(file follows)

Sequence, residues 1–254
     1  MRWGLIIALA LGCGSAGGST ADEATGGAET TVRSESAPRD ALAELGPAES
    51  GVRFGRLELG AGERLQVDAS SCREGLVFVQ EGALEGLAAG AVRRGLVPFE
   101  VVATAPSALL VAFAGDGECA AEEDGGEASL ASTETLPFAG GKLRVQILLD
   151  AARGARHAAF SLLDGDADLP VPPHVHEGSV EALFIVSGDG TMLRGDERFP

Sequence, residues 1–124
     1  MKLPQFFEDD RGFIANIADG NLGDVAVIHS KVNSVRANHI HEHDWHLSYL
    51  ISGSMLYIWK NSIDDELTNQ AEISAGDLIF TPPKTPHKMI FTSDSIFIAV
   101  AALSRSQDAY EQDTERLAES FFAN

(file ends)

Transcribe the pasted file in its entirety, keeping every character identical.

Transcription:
Sequence, residues 1–254
     1  MRWGLIIALA LGCGSAGGST ADEATGGAET TVRSESAPRD ALAELGPAES
    51  GVRFGRLELG AGERLQVDAS SCREGLVFVQ EGALEGLAAG AVRRGLVPFE
   101  VVATAPSALL VAFAGDGECA AEEDGGEASL ASTETLPFAG GKLRVQILLD
   151  AARGARHAAF SLLDGDADLP VPPHVHEGSV EALFIVSGDG TMLRGDERFP

Sequence, residues 1–124
     1  MKLPQFFEDD RGFIANIADG NLGDVAVIHS KVNSVRANHI HEHDWHLSYL
    51  ISGSMLYIWK NSIDDELTNQ AEISAGDLIF TPPKTPHKMI FTSDSIFIAV
   101  AALSRSQDAY EQDTERLAES FFAN